The communities of Burns Lake, Decker Lake, and surrounding rural areas are at significant risk of wildfire, according to Burns Lake Community Forest manager Frank Varga.
“These communities are surrounded by dead pine stands in constrained areas,” he explained. “Make no mistake, it’s not an if statement… it’s a when… we have been lucky.”
This topic was discussed during the 2018 British Columbia Community Forest Association conference, which was held in Burns Lake last May. The event brought together representatives from 30 community forests, First Nations, elected officials, the provincial government, forest professionals, researchers and students.
According to a presentation by forestry consultant company B.C. Blackwell and Associates Ltd., Burns Lake is among the top five communities at risk in B.C., based on the percentage of area of hazardous fuels.
Although wildfires are a natural part of the ecosystem, Varga says more needs to be done to mitigate wildfire effects around communities.
“The public needs to take fire threat seriously,” he said. “We are complacent until it’s at our doorstep, when we expect firefighters to do miracles.”
The province has experienced a series of catastrophic wildfire seasons over the past 10 years, including 2003, 2004, 2009, 2010, 2014, 2015 and 2017 with substantial suppression costs, economic and resource loss and large areas burned. Projections of future changes in climate suggest these trends are likely to continue, and future wildfire losses are likely to increase, according to B.C. Blackwell and Associates Ltd.
At a provincial scale, Varga says it’s vital to re-examine how forests and land base are managed.
“We need to recognize that drawing lines on a map and restricting forest management activities within those lines contradict our efforts for protection of property and human life in rural communities, and in a broader context undermine our efforts for true sustainable forest management,” he said, referring to visual quality objectives areas and old growth management areas which, in combination with other areas where forestry development is prevented or constrained, are used to achieve biodiversity targets.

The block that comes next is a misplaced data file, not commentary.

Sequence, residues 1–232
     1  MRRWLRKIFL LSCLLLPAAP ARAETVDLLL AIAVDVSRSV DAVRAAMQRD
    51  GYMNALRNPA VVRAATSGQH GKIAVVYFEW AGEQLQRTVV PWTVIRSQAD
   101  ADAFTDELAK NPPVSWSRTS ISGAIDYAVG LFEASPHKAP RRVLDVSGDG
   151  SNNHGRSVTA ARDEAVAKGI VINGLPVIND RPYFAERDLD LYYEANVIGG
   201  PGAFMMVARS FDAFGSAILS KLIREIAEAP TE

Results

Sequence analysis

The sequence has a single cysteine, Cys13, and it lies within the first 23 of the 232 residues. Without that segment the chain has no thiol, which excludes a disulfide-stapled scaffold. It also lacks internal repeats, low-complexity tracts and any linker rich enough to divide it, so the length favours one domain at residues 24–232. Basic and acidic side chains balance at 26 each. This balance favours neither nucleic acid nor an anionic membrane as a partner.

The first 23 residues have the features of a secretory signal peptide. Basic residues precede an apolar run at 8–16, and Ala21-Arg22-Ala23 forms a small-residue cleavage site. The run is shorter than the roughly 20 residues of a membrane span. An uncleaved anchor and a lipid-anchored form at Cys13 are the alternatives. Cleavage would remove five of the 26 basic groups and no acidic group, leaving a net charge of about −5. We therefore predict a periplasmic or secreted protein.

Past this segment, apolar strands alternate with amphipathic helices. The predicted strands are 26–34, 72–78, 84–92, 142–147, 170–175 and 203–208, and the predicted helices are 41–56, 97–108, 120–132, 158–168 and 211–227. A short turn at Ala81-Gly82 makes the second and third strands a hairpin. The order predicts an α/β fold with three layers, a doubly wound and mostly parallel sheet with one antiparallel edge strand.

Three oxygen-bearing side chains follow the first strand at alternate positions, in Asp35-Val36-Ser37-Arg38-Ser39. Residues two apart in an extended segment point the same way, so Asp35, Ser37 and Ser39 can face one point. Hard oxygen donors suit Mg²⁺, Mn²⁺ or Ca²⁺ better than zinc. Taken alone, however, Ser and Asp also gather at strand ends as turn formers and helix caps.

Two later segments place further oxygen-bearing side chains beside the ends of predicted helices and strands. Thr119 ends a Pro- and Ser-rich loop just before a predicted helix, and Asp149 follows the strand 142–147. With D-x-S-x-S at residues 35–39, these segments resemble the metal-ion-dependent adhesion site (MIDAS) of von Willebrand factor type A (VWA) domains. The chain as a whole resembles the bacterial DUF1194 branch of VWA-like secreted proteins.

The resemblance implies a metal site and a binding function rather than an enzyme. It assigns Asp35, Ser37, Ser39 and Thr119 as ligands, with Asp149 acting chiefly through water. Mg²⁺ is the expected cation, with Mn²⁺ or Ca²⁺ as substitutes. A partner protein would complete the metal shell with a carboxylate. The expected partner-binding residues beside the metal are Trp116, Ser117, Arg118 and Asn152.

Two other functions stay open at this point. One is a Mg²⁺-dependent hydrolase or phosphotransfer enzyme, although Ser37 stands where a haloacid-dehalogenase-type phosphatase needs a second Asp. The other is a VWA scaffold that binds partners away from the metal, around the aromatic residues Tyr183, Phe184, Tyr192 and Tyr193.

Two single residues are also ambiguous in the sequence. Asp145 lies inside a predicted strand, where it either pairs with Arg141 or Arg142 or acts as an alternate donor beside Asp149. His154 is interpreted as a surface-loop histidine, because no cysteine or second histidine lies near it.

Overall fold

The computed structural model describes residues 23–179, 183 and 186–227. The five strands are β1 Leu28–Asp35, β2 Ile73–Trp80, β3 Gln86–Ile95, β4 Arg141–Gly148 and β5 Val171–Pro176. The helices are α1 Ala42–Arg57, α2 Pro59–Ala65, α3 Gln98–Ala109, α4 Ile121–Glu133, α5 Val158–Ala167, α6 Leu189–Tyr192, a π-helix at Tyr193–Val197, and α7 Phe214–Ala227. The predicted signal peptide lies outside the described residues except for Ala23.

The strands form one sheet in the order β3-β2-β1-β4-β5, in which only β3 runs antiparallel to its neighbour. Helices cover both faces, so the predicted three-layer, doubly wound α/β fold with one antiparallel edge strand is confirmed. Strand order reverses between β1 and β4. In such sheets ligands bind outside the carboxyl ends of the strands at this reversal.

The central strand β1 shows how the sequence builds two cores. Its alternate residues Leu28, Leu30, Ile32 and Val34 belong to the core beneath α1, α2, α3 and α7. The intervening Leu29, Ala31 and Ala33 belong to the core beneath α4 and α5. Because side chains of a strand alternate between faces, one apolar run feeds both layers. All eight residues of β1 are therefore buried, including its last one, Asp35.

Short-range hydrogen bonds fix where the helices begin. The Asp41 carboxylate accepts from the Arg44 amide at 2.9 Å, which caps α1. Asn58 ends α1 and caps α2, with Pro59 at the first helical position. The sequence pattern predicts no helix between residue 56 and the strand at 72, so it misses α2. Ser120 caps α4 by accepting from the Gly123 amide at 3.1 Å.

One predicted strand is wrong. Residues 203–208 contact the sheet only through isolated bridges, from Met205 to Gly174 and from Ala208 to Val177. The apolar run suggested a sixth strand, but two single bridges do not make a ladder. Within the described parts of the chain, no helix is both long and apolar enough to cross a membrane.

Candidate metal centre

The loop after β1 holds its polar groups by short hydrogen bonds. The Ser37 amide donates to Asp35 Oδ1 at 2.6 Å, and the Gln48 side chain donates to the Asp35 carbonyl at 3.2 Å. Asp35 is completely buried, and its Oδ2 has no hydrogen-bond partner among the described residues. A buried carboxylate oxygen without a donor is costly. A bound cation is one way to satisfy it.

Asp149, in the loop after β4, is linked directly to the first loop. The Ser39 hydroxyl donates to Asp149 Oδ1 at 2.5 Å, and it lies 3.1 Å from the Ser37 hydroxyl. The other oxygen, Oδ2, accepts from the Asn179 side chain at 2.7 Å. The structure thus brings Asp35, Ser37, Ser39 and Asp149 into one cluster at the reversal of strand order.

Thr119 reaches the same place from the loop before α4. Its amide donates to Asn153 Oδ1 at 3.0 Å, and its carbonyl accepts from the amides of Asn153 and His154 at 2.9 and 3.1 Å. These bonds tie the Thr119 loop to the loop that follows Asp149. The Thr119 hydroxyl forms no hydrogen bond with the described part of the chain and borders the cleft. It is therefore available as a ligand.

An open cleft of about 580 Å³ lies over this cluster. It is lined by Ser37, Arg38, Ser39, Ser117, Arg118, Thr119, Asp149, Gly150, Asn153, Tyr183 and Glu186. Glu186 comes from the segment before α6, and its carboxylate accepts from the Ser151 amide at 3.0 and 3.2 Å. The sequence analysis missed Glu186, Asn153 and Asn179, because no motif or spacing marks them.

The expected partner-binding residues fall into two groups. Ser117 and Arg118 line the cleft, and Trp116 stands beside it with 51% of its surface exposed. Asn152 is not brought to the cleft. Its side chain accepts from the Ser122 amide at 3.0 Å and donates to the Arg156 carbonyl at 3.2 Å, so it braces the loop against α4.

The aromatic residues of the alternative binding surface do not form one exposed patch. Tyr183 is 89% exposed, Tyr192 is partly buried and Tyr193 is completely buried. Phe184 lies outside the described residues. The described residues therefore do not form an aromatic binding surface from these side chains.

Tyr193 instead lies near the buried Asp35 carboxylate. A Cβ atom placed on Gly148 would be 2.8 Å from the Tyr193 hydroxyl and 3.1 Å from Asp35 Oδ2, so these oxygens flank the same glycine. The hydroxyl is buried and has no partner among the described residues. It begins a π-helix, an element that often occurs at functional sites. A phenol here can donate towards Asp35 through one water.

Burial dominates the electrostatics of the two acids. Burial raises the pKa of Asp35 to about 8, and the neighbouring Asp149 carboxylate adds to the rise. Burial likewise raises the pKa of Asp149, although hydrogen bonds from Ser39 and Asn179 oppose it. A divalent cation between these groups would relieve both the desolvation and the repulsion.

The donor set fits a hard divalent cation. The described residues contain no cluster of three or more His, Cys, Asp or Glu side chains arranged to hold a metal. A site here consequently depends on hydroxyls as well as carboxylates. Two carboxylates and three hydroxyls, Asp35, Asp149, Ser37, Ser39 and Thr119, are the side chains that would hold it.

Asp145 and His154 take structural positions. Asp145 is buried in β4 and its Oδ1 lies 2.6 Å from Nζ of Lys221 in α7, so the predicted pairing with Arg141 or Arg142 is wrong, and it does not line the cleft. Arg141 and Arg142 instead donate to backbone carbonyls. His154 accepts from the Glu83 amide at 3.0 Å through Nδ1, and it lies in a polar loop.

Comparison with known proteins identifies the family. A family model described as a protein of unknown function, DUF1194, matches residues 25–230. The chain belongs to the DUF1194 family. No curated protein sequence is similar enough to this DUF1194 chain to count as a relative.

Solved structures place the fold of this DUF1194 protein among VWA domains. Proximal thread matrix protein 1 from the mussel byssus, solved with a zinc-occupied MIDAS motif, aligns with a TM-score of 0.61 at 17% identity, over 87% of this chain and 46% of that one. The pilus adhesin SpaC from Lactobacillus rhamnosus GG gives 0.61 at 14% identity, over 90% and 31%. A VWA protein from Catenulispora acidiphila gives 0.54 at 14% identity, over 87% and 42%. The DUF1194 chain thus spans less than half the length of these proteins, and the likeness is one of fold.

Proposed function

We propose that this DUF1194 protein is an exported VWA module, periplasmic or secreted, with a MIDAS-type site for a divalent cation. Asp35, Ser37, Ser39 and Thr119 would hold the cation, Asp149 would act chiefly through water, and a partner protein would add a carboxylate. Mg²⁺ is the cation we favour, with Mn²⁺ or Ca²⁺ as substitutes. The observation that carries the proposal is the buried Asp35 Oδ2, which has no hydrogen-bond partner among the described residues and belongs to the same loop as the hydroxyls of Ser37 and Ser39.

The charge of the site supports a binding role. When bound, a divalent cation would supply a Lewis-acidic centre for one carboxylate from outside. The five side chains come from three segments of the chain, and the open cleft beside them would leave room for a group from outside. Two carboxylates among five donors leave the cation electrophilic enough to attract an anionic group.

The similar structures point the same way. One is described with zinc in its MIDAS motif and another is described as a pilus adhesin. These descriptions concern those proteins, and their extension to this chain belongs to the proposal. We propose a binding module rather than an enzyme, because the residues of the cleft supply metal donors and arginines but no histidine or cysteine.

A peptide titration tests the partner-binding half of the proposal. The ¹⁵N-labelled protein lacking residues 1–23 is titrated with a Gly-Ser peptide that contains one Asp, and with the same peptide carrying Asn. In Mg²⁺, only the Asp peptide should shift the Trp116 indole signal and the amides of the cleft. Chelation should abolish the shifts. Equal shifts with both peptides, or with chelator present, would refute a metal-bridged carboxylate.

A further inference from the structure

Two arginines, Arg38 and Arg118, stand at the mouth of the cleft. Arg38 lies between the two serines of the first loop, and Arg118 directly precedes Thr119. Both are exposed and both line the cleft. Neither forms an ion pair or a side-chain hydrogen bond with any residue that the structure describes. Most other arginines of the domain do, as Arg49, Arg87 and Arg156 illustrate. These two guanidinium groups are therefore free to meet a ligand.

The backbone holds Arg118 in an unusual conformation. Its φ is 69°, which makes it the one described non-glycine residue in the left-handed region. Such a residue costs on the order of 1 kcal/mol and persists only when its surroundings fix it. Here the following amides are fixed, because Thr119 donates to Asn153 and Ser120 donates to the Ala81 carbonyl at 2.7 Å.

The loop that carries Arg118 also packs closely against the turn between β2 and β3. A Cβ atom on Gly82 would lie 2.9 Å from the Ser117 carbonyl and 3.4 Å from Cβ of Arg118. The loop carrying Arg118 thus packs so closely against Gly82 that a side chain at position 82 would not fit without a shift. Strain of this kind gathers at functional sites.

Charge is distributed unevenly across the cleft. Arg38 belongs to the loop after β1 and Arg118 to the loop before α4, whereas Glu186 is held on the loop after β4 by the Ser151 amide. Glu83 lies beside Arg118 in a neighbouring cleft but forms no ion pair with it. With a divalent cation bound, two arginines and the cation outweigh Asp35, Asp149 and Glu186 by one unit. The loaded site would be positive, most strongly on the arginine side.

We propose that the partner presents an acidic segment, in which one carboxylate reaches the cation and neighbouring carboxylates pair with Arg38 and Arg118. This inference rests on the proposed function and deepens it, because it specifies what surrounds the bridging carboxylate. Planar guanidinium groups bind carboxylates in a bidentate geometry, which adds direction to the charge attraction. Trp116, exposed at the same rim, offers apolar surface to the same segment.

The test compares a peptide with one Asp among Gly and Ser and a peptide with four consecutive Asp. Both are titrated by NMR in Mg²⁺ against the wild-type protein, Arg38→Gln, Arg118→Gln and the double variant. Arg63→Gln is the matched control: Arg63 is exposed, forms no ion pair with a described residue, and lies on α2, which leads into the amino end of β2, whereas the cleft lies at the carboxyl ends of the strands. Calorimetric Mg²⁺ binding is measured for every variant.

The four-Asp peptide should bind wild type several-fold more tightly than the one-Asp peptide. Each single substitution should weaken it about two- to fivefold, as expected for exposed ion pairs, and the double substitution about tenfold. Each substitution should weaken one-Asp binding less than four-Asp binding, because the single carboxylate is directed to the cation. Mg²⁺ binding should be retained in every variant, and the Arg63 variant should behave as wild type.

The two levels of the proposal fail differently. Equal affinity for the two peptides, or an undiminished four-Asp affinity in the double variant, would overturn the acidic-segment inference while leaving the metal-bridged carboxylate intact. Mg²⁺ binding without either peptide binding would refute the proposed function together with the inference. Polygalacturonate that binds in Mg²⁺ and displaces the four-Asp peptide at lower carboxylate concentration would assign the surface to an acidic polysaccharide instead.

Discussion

“This [re-examination] requires transformative change in way of thinking,” he said, adding that as an area base tenure holder he could effectively support management strategies to mitigate fire risks in the Burns Lake area.
“I just need the legislative support to do so; until there is an appetite to make changes for the purposes of fire hazard mitigation, implementation will be limited.”
According to Varga, the only effective options for wildfire risk mitigation in certain forest patches around Burns Lake - which consist mostly of dead pine and blowdown - are clearcut harvest and fibre removal.
“We clearly need to bring back prescribe burning,” he continued, referring to the tool used by forest professionals to achieve objectives such as reducing combustible material, including underbrush and dead wood.
Varga added that efforts of community FireSmart programs need to continue so that the public can be informed and prepared in the event of a wildfire, and that Community Wildfire Protection Plans need to go beyond the standard two km range - ideally having a five to 10 km range.
“It is a proven fact that ash and burning debris can travel well beyond two km,” he said.
In the past couple of weeks the Ministry of Forests, Lands, Natural Resource Operations and Rural Development, in partnership with the Regional District of Bulkley-Nechako, held a series of information sessions about wildfires in Burns Lake, François Lake, Grassy Plains and Rose Lake.
Topics covered during these open houses included a review of the 2017 wildfire season, how to reduce the potential impacts of a wildfire on homes and property, sources of funding for wildfire risk-reduction projects, as well as emergency management planning in the region.